Elevation: 1,167 ft
GPS: 47.597, -120.659 Google Map · Climbing Area Map
Page Views: 1,094,027 total · 58,553/month
Shared By: Daniel Chode Rider on Mar 11, 2021
Admins: Jon Nelson, Micah Klesick, Z Winters

Description

Leavenworth is the hub of Washington climbing and the beginning of cragging as we know it in the Northwest. The town (a faux-Bavarian paradise) is situated at the east end of Highway 2. Surrounding it in Tumwater Canyon and the Icicle Creek Valley can be found tons of climbing, mostly diorite crack/slab and bouldering but with some sport climbs mixed in as well. Tumwater Canyon, along which the highway runs, is home to the dramatic Castle Rock along with other towers and walls, while the Icicle hosts endless cragging on granite-to-diorite domes plus the most concentrated boulders in WA with an excellent approach. More sporty climbing on sandstone and metamorphics can be found as well, and you can't forget the alpine granite playground of the Enchantments and Stuart Range.

Then when you're done, head into Leavenworth for an overpriced beer and spray at the bar, wonder at (and flex for) the tourists/Mtn bikers/skiers/hikers/beer experts, and enjoy the ambiance of a beautiful mountain town.

Getting There

Highway 2, east and west, leads directly to Leavenworth. However, over Stevens Pass it's only two lanes and can get VERY congested. From Seattle it's often faster to take I-90 over Snoqualmie Pass and Highway 97 over Blewett.

History

In the 1940s, climbing was something you did in the mountains, with the Mountaineers or (intrepidly) on your own. Fred Beckey and his partners were at the forefront of cutting-edge climbing throughout the Cascades, so it is fitting that he discovered and first developed the granite walls and buttresses surrounding the town of Leavenworth. 

'I recalled that one day while returning from a rained-out September trip to Kangaroo Ridge, a group of us parked in Tumwater Canyon to take a close look at an imposing rock formation above,' Beckey states in Challenge of the North Cascades. He goes on to relate the raininess of the 1948 summer leading to more cragging in sunny Leavenworth than trips to the alpine.

Castle Rock was the first object of attention, and obviously so due to its prominent position. Classic routes like Midway were established and repeated. Summit bagging was still a preeminent mental state and the towers of Tumwater, as well as sandstone slabs on the Peshastin Pinnacles, were the next goals of Beckey and party. Tumwater Tower, Moss Tower, Chumstick Snag and many others were conquered by aid and free climbing.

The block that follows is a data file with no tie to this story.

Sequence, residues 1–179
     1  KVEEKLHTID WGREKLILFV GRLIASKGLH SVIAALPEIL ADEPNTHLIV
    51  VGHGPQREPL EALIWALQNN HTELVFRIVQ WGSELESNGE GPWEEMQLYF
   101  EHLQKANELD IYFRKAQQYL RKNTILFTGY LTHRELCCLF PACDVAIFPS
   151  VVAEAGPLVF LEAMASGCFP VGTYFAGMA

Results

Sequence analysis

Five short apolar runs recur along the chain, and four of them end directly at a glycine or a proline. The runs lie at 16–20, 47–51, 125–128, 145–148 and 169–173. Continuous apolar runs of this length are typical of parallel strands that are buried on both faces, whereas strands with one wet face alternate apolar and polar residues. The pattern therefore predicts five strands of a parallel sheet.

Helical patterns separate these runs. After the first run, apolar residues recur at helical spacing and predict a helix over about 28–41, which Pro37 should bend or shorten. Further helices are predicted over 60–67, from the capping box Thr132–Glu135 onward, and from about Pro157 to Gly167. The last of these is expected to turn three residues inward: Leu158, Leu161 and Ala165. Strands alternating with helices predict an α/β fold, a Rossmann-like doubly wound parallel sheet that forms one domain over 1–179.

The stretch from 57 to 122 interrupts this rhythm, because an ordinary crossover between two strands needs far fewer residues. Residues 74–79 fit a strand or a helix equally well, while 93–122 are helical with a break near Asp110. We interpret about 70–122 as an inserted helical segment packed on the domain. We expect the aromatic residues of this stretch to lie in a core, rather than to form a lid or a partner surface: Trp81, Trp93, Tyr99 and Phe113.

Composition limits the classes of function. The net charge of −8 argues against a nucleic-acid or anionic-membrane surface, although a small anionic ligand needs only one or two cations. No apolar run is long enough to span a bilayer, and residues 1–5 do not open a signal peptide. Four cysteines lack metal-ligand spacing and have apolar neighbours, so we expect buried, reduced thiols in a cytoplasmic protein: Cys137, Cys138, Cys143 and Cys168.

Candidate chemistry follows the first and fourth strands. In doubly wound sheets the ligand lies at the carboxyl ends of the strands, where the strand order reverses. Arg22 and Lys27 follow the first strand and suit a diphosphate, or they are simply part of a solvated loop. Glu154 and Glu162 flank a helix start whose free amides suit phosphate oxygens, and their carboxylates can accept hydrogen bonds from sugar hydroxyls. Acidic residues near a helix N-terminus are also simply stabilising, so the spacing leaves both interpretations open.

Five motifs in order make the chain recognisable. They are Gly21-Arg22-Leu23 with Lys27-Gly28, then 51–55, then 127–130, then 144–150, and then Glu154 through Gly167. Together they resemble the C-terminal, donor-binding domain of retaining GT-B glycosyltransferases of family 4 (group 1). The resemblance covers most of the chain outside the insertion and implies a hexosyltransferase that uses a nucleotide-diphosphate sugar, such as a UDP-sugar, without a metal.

When technology in the form of nylon rope and pitons advanced, harder and longer free routes were put up that are now some of the most treasured routes in Washington. Outer Space and Orbit on Snow Creek Wall (the bridge between Leavenworth and the 'Cashmere Crags'), plus shorter leads on Midnight and Noontime Rock got done.

When Beckey took off for higher and farther ranges, Pete Schoening became the forefather of Leavenworth climbing and the resident Cascade hardman. Many Tumwater climbs bear his name as the first ascentist throughout the 1960s and 70s. Development slowed somewhat during that period, as Index was found to be closer to Seattle and hold new, harder potential. 

In 1984, Peter Croft came down from Squamish and soloed several of the hardest routes in Leavenworth, as well as establishing new ones. Croft and the 80s kicked off a new era in Leavenworth. Sport climbing became popular, although it never gained a true foothold in the area, likely due to the absence of walls unprotectable by natural gear. 

It was during this time (especially the late 80s) that those who would essentially reinvent Washington's climbing began their journey in the Icicle. Those like Bryan Burdo, Leland Windham, Mack Johnson, Curtis & Rustin Gibson, Jim Yoder, and Mike Massey learned to climb in the Bavarian Paradise before their exploits in Frenchman Coulee, North Bend, Tieton and Darrington.